On a book of photographs shot by Leni Riefenstahl in the 1950s and 1960s depicting an African tribe.
A Japanese photographer examines the scene of the St. Valentine's Day massacre; a story from the author of The Black Hour.
"Was it the worst I’d seen? I turned to the camera, viewing the scene anew. Four men lay in a row, as though they had been tucked into a large bed. One slept at their feet, face down. The last hunched on his knees at a round-backed wooden chair. Blood ran toward the center of the room. Later that day when I returned to the newsroom, I would release the image from the machine in my hands, like a dragon from a cage. The city would see the blood, black, and no one would remember that someone—call him Togo or call him Fujita, the name will not be printed—had stood in the dust of men’s bones to face the dragon so that they did not have to."
Photographer Trevor Paglen makes art out of government secrets.
Hear Jonah Weiner discuss this article on the Longform Podcast.
Forty years after the dirty wars and Pinochet’s coup, photographer David Burnett journeys back to Chile to visit the subject of his most famous image.
A young widow deals with attraction, ghosts, and patients while working in a mental facility.
"Gail refrained from telling her mother about Willem, maybe out of defiance if nothing else. When you live in your childhood home, jobless, for three years, it’s hard not to become something like a teenager again. Gail would be happy to report on her regained self-sufficiency, to tell her mother that she’d received crisis intervention training to defend herself against and restrain these 'crazies.' But her mother wanted to picture Gail dating people, not putting them in headlocks."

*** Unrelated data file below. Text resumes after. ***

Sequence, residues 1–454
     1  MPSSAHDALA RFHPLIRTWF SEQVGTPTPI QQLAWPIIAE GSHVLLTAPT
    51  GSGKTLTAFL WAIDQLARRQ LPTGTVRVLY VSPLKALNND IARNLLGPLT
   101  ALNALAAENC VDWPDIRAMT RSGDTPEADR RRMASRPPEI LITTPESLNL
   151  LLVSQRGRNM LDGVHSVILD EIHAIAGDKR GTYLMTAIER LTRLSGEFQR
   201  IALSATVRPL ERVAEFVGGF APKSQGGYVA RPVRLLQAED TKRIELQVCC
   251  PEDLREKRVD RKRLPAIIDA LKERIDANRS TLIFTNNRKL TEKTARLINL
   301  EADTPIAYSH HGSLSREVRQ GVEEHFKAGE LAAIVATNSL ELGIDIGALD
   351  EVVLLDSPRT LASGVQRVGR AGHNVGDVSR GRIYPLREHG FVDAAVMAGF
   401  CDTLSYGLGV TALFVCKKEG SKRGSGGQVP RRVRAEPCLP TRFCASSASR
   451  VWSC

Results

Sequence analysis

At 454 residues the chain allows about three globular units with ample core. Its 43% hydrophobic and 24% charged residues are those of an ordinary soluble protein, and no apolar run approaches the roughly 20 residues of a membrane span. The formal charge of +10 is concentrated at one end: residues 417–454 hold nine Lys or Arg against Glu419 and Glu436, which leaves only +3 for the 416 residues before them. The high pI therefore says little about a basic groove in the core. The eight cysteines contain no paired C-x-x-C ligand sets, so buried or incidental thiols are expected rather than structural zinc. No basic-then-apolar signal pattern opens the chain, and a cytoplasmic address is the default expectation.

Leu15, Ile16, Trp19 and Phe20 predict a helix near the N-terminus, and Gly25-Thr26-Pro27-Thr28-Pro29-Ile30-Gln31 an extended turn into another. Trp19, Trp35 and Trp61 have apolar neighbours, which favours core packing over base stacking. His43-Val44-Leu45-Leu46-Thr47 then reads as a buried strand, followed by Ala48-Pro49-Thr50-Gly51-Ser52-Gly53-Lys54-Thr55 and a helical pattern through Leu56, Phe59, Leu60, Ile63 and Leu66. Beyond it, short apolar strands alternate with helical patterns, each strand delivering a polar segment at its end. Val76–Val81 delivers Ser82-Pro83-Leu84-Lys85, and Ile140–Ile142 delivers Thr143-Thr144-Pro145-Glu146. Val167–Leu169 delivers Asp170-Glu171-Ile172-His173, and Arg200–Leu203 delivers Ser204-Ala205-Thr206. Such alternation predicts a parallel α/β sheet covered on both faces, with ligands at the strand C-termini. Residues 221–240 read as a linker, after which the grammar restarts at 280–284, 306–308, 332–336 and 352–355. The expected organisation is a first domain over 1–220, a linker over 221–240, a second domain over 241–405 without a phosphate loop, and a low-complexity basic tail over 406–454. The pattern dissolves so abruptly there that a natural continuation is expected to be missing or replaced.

How to photograph Los Angeles from a helicopter.
On photographer Garry Winogrand and the unedited archive of more than half a million exposures he left behind.
A woman agrees to be a photographer for a couple of her adulterous friends; slightly NSFW.
"I walked around the room, taking shots of the empty bed. I took a shot of the clouds outside, and another of Bill and Marie. I snapped the pictures quickly and flung them across the floral comforter with what I felt was the boldness of a pornographer. I took a shot of those dolls. I waved the photograph in the air and watched the ghostly forms darken into a row of Raggedy Anns. They had black circles for eyes and red triangles for noses. Their mouths were thin, red slits. Smile lines ran from the corners of their mouths up to their cheeks."
The diarist and photographer Peter Beard, known both for his series documenting a mass elephant starvation and for discovering the supermodel Iman on a Nairobi street, reflects on his life of “drugs, debt, and beautiful women” while recovering from being trampled by an elephant.